Modern researchers sometimes pass judgment on whether or not a person should have been committed to an insane asylum–but It isn’t always an easy call. Reading patient notes can lead one to believe that disruptiveness rather than insanity caused a commitment (see last post), or that patients were committed for conditions that we realize today have nothing to do with insanity, such as epilepsy.
Some patient notes make it hard to understand what may have been going on with a patient. Notes on a woman at the Southwestern Lunatic Asylum in 1887 show the following: “Symptoms of insanity first appeared about Jan. 1885. She imagines that some one was going to kill her [and] would try to get out of her room and try to hide. The disease appears to increase–sometimes she would not know any of her family–at other times she appears sane and rational.”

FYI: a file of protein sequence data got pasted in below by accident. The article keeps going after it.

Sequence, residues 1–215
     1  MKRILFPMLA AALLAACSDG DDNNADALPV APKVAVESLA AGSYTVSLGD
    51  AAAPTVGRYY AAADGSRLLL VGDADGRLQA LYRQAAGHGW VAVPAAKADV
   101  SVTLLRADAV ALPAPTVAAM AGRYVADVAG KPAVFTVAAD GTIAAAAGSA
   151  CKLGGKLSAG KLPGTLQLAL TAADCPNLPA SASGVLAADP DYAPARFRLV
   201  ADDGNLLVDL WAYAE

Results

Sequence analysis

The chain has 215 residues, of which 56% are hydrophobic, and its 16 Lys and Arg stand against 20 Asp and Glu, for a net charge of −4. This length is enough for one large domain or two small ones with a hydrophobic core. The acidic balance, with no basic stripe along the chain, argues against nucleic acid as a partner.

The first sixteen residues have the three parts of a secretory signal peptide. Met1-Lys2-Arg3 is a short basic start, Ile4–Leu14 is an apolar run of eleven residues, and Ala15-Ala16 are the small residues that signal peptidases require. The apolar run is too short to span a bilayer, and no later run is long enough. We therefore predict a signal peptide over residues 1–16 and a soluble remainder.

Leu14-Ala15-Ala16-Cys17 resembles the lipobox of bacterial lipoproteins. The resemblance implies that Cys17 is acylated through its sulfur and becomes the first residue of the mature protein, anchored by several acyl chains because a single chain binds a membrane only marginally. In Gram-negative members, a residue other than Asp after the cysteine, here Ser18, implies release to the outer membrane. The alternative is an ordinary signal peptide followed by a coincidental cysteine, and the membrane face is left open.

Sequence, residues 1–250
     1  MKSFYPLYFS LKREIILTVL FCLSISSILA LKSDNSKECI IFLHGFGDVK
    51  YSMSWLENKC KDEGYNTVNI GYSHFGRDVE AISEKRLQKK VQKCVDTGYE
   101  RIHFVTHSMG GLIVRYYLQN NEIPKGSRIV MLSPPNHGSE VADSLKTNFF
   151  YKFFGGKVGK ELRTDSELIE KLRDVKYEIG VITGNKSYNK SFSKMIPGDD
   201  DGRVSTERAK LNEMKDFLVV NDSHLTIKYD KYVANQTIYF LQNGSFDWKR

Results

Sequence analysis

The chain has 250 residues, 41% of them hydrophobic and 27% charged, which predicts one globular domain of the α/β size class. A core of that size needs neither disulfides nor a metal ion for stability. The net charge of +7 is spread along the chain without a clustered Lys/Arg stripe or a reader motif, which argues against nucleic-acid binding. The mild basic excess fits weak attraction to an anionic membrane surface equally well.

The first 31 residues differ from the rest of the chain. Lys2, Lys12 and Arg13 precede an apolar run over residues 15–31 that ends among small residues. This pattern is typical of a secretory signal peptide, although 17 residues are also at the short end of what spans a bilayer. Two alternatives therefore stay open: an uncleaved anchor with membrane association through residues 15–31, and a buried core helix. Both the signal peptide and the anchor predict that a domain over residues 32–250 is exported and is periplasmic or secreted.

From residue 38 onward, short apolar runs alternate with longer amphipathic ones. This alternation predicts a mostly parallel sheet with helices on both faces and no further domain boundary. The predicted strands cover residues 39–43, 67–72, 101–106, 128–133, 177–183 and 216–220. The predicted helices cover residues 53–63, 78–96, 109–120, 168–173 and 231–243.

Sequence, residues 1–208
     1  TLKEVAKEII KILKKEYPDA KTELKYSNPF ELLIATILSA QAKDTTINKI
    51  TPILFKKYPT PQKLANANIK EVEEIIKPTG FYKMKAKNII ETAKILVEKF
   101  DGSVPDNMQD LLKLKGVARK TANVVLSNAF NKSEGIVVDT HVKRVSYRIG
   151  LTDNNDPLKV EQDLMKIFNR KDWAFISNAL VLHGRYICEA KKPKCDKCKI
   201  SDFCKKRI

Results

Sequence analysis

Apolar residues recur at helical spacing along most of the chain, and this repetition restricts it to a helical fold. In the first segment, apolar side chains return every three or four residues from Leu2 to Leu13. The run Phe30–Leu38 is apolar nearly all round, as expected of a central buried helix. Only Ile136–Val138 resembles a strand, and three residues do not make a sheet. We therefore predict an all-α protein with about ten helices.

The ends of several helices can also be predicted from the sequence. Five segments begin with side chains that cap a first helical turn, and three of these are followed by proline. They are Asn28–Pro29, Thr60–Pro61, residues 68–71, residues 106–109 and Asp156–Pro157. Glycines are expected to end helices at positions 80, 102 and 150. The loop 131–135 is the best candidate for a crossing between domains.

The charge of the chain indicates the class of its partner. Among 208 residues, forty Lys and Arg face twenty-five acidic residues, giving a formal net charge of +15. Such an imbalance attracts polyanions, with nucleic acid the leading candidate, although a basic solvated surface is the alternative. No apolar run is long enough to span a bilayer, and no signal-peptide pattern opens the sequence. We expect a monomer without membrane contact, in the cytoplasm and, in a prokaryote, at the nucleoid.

This woman’s family may have been worried that she would hurt herself, run away and come to harm, or that she would hurt or otherwise cause trouble for other family members in her delusional state. Sometimes an asylum did seem to be the only solution to 24-hour care if families felt it was needed for a loved one.